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St. Paul District
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Corps, partners work together to preserve endangered mussels

Published Sept. 25, 2012
Dan Kelner, left, district mussel biologist, and Nathan Eckert, U.S. Fish and Wildlife Service mussel biologist, talk with Secretary of the U.S. Department of the Interior Ken Salazar during an endangered mussel release in the Mississippi River Aug. 17, 2012.

Dan Kelner, left, district mussel biologist, and Nathan Eckert, U.S. Fish and Wildlife Service mussel biologist, talk with Secretary of the U.S. Department of the Interior Ken Salazar during an endangered mussel release in the Mississippi River Aug. 17, 2012.

Nathan Eckert, U.S. Fish and Wildlife mussel biologist, places two federally endangered Winged Mapleleaf mussels on a tray after marking them with a tag August 17, 2012

Nathan Eckert, U.S. Fish and Wildlife mussel biologist, places two federally endangered Winged Mapleleaf mussels on a tray after marking them with a tag August 17, 2012

Working side-by-side with boats and divers, the district and its partners worked as a unified team to place three federally endangered mussel species within the Mississippi River at Pool 2, Aug. 17.

Dan Kelner, the district’s lead mussel biologist, said the team positioned Higgins eye, snuffbox and winged mapleleaf mussels in areas along the river where they once lived. He added that these and other native mussels are critical to the overall ecosystem in the region because they cleanse the water, stabilize the river bottom where they attract other organisms, and they truly are an indicator of good water quality. “They’re the canary in the coal mine,” said Kelner.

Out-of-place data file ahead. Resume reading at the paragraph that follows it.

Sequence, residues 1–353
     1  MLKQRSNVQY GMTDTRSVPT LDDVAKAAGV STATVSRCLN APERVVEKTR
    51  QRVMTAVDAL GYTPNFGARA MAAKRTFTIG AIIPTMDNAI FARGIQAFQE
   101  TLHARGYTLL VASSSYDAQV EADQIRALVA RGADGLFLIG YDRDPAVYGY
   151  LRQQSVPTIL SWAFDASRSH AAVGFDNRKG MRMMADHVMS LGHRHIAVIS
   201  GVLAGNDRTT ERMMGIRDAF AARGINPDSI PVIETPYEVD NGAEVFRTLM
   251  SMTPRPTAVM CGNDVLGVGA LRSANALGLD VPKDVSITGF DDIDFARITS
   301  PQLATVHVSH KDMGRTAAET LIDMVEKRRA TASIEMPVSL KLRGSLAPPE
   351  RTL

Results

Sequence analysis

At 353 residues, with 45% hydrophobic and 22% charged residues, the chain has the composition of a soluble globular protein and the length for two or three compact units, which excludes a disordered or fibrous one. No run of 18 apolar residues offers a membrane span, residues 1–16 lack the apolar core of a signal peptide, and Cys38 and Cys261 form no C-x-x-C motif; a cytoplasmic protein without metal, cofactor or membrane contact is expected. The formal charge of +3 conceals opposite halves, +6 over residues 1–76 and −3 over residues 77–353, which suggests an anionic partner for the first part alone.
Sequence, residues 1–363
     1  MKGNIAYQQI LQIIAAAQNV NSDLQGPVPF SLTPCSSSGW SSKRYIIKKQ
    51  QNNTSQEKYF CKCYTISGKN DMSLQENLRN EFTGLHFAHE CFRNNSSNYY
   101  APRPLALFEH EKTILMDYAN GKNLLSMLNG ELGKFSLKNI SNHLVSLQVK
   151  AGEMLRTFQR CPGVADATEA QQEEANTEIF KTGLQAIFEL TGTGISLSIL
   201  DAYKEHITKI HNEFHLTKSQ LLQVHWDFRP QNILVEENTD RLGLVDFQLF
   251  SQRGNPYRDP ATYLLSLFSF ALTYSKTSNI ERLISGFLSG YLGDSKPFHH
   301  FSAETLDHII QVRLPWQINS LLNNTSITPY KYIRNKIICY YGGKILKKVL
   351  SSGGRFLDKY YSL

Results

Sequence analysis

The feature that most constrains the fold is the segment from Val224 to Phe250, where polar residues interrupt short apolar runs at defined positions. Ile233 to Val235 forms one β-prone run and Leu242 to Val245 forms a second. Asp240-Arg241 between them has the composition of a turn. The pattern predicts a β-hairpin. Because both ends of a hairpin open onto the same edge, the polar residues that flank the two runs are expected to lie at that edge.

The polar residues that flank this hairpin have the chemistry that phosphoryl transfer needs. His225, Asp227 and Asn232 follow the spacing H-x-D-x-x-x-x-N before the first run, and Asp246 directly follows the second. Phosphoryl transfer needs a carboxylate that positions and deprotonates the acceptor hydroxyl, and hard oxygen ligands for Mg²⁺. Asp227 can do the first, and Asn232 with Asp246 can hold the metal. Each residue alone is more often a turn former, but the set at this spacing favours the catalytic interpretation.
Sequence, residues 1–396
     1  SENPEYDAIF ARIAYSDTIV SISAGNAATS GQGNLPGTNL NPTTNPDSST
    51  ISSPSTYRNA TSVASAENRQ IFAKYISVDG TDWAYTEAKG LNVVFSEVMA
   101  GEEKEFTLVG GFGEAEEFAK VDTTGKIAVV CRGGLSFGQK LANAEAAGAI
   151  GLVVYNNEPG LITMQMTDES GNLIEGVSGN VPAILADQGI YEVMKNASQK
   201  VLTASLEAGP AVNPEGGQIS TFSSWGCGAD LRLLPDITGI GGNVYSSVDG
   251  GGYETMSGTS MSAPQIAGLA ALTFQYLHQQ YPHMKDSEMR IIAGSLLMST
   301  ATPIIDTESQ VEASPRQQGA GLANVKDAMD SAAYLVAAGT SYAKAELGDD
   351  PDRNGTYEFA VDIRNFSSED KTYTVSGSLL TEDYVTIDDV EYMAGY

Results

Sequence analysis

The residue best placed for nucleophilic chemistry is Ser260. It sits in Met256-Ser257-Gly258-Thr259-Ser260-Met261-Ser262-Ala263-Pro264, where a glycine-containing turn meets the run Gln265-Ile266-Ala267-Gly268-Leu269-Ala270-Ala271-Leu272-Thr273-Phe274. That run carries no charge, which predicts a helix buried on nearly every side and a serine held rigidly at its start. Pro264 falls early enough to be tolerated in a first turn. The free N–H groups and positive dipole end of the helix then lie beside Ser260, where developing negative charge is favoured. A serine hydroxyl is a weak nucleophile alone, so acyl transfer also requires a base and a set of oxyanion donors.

Native mussels and many other fish species were nearly wiped out during the first part of the 20th century due to pollution and other activities within the river from Minneapolis to Lake Pepin, near Red Wing, Minn. Phil Delphey, U.S. Fish and Wildlife Service biologist, said the mussel population destruction was caused, in part, by overharvesting for button production and pollution. The river served as the dump for carcasses from slaughter houses, sewage outlets for cities along the river and a collection point for agricultural runoff. “The water quality and the habitat changed so drastically that a lot of these species just disappeared,” said Delphey.

The Mississippi River continued its downward spiral in water quality until the Clean Water Act was passed in 1972. With water quality conditions greatly improved in the area, biologists from the district, U.S. Fish and Wildlife Service, National Park Service and the Illinois, Iowa, Minnesota and Wisconsin Departments of Natural Resources teamed up to place the mussels downstream of Lock and Dam 1 in Minneapolis. Kelner said “We’re just trying to give the federally endangered species, which have been hit particularly hard, a boost.”